Hand signals and Post-its: The Hong Kong protester playbook

Hand signals and Post-its: The Hong Kong protester playbook

Hong Kong’s youth are no rookies when it comes to protests.

The city’s young activists have fine-tuned their strategies since Occupy Central in 2014, a months-long pro-democracy demonstration that ended without tangible victories. Using a range of new tactics, they have helped rally hundreds of thousands of fellow Hong Kong residents to take to the streets over the past month.

The protesters have pressed on with an expanding set of demands, even after Hong Kong leader Carrie Lam said the extradition bill that triggered the outcry had been “indefinitely suspended.”

Another large march is planned for Sunday. From hand signals to Post-it notes, the protesters have honed multiple strategies and tools to maximize effectiveness, contend with police and keep up momentum:


The Hong Kong-based web forum LIHKG and Telegram, the encrypted messaging app, have served as crucial organizing platforms for the largely leaderless protests. Protesters have formed Telegram groups to share information and formulate strategies, as well as conduct real-time planning. In the thick of a protest, they will notify each other on Telegram of the whereabouts of police officers and vote on whether to end a demonstration.

They use LIHKG, known as Hong Kong’s Reddit, to discuss next steps. Residents who are ambivalent about participating read the forum for more information, while others seek emotional support.

Attendees hold up their lit mobile phones during a rally by mothers in support of student protesters in Hong Kong, July 5, 2019. (AP Photo/Andy Wong)


If yellow umbrellas were the iconic accessory of the 2014 protests, yellow hardhats may be this year’s. During the most violent clashes, police have used pepper spray, bean bag rounds, rubber bullets and tear gas on protesters. In response, they have donned face masks, goggles and helmets.

Some protesters, outfitted with sanitary pads, gloves, saline solution, scissors, gauze and other supplies, are responsible for administering first aid.

When protesters broke into the legislature building on July 1, they fashioned shields out of cardboard, wood and suitcases. The shields and face masks also conceal their identities, as some fear government repercussions and arrest.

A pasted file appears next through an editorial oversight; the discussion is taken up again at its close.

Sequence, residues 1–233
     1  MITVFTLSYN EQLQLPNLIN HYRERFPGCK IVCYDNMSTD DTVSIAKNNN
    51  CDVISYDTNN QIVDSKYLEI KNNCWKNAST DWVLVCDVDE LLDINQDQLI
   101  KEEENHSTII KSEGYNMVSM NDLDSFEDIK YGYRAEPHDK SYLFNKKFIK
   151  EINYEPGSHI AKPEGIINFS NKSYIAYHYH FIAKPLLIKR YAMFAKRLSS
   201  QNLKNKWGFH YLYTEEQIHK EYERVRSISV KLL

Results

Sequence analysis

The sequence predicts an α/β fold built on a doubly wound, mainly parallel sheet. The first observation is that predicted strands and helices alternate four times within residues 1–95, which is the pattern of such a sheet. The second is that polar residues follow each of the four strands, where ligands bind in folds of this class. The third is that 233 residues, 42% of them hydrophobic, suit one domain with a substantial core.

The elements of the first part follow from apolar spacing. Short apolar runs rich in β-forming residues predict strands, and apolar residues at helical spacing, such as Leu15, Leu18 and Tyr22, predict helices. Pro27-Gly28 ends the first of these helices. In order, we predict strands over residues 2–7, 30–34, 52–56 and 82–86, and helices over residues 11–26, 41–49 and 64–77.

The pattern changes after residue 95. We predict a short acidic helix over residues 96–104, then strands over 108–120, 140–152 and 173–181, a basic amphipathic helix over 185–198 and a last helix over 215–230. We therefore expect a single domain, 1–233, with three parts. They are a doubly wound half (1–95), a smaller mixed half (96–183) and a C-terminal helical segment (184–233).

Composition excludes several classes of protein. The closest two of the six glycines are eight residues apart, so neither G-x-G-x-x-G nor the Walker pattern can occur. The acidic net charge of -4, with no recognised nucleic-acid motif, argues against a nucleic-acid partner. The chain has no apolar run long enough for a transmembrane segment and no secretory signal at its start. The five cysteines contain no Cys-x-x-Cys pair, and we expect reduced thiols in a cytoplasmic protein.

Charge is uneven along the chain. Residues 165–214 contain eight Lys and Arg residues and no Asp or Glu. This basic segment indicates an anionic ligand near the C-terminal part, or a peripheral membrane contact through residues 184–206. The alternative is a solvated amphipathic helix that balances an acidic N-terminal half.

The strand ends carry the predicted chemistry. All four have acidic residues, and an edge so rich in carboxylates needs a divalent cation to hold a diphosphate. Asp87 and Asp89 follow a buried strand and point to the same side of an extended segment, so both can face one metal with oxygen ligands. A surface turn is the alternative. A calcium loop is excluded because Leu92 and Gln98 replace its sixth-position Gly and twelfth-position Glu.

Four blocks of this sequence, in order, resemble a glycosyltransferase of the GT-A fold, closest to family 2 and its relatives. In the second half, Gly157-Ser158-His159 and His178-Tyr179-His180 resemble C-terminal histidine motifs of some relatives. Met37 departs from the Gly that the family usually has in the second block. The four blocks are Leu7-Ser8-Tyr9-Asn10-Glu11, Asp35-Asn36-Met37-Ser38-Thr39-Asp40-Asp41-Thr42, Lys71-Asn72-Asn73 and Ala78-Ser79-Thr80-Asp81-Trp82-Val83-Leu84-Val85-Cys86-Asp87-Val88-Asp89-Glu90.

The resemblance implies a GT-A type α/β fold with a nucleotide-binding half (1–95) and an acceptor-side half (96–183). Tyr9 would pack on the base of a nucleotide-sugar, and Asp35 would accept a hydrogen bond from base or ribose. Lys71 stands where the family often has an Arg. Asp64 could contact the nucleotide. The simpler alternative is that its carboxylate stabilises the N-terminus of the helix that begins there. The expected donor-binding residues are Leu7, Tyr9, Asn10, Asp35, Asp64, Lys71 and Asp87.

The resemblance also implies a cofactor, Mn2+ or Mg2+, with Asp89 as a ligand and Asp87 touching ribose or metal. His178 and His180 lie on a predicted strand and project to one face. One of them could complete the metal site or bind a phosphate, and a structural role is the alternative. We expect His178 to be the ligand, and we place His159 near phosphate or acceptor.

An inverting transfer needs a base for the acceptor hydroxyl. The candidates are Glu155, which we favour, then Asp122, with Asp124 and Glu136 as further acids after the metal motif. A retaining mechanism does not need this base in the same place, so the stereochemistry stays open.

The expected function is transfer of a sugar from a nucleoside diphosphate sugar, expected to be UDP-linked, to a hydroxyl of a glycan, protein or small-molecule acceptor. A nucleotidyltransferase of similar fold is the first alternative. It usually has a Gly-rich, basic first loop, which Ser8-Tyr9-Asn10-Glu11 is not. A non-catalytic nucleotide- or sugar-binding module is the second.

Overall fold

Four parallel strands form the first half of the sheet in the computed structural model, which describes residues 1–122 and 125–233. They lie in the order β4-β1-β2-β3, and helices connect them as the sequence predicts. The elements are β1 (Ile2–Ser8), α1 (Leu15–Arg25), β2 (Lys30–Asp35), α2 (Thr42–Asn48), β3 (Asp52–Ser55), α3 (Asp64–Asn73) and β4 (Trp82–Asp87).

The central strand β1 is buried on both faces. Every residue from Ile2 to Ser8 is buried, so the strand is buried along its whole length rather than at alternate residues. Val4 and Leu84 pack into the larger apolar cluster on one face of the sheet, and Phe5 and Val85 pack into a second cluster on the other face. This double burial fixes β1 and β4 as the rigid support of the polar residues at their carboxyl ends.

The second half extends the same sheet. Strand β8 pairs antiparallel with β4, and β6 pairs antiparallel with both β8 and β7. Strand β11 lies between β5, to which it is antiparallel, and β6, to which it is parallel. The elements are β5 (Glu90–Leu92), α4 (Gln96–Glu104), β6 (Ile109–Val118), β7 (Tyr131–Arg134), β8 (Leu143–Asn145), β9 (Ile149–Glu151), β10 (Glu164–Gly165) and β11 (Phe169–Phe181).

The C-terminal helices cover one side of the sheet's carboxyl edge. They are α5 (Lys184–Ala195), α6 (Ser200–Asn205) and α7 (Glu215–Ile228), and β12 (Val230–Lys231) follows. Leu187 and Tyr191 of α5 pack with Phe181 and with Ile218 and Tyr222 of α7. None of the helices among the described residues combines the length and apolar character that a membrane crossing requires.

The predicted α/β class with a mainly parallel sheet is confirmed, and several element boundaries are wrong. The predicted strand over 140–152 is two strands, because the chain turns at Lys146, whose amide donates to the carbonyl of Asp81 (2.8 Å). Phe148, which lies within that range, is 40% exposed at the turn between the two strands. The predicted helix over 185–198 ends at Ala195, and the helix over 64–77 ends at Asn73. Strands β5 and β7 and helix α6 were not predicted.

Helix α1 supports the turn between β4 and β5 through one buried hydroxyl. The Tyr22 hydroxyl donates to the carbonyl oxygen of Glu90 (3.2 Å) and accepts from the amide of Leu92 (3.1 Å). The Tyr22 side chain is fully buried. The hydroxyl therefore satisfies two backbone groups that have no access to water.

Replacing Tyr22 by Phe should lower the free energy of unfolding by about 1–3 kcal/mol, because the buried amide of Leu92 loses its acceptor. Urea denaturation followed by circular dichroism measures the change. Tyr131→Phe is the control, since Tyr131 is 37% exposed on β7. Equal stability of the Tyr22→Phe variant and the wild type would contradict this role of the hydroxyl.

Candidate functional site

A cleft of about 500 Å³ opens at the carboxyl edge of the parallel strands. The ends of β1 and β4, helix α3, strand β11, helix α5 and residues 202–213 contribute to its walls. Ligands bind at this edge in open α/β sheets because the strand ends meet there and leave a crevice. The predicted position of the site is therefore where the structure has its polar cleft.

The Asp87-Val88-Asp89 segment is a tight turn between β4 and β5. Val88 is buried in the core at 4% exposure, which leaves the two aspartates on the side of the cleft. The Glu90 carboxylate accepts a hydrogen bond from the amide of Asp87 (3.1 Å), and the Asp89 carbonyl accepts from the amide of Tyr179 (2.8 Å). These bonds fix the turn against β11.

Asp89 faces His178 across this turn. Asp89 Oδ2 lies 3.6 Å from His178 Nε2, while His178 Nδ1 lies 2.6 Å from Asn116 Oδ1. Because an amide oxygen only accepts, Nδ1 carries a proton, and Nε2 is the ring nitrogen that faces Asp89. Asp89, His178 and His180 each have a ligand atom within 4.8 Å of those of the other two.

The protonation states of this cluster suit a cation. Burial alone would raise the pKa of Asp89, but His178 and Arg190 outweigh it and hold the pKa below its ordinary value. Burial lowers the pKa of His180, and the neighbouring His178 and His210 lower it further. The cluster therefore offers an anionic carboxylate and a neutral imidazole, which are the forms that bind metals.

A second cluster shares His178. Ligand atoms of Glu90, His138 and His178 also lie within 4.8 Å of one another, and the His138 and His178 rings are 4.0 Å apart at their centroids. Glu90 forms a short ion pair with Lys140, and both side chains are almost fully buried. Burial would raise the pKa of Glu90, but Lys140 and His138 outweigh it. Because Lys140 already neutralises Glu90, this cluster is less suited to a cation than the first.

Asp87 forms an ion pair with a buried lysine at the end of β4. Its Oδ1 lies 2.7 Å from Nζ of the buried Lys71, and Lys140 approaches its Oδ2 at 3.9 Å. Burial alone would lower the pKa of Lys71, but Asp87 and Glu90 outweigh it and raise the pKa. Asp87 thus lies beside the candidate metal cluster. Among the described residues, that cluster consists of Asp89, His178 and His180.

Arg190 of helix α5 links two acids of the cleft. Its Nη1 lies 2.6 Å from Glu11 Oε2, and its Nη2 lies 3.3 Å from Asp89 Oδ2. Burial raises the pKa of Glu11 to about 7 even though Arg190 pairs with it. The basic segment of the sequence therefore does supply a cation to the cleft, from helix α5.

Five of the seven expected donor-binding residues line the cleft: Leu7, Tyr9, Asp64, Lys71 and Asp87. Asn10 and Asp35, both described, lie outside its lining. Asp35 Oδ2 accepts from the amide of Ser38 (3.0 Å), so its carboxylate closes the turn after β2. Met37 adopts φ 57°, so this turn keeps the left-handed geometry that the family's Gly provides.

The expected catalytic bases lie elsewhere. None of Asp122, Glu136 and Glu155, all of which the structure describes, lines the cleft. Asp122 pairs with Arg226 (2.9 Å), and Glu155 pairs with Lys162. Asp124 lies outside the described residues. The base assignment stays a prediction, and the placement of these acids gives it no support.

A protestor stands in front of a line of policemen outside the police headquarters in Hong Kong on June 21, 2019. (AP Photo/Vincent Yu)

Protesters wearing yellow hardhats hold up mobile phone lights in front of police headquarters in Hong Kong, June 21, 2019. (AP Photo/Vincent Yu)


Protesters use hand signals to communicate which supplies need to be delivered to the front lines. Arms circling the head indicate “helmets,” while a forward cutting motion made by the index and middle fingers signals “scissors.” The items are then passed through a human chain.

The power of the protesters’ nonverbal communication was apparent when a massive, dense crowd parted seamlessly to make way for an oncoming ambulance. Online videos capturing the moment spurred praise on social media for the protesters’ politeness and deft coordination.

Protesters use hand signals to gestures for scissors during their attempt to break into the Legislative building in Hong Kong, July 1, 2019. (AP Photo/Vincent Yu)


Following the assassination of singer and songwriter John Lennon, a wall in Prague was decorated in tribute to The Beatles. The colorful wall, which became a symbol of peace and love, has since been painted over several times to advocate for different causes.

Hong Kong activists first created their own Lennon Wall during the 2014 protests, covering a wall with a vibrant Post-it notes calling for democratic reform. This time, they have taken to sticking the neon-colored notes everywhere, erecting impromptu Lennon Walls across the city as quickly as others might tear them down. Some protesters have called it “flowers blossoming everywhere.”

The fluid walls fit the movement’s mobile nature, said Antony Dapiran, the author of a book about dissent in Hong Kong. In contrast to the sit-in style of Occupy, he said, the current protesters will quickly evacuate a location once they’ve made an impact and move to another.

A child reaches out to post-it notes on the city's version of the Lennon Wall in Hong Kong, July 12, 2019. (AP Photo/Kin Cheung)

Post-it notes and a caricature of Hong Kong leader Carrie Lam are seen on their version Lennon Wall in Hong Kong, July 12, 2019. (AP Photo/Kin Cheung)


While police put up barriers to deter demonstrators, protesters built their own barricades to protect themselves, block roads and prevent lawmakers from reaching the legislature. Like their shields, the protesters’ barricades are often repurposed materials, such as fences used to separate traffic lanes.

In the movement’s early weeks, the protesters’ road blocks prevented a Legislative Council meeting that had been scheduled to discuss the extradition bill.

Police officers use pepper spray against protesters in a rally against the proposed amendments to the extradition law at the Legislative Council in Hong Kong on June 10, 2019. (AP Photo/Vincent Yu)

Protesters holding umbrellas face off police officers in anti-riot gear in Hong Kong, July 1, 2019. (AP Photo/Kin Cheung)

Text from AP News story Hand signals and Post-its: The Hong Kong protester playbook by Yanan Wang and Alice Fung.

Wang reported from Beijing.

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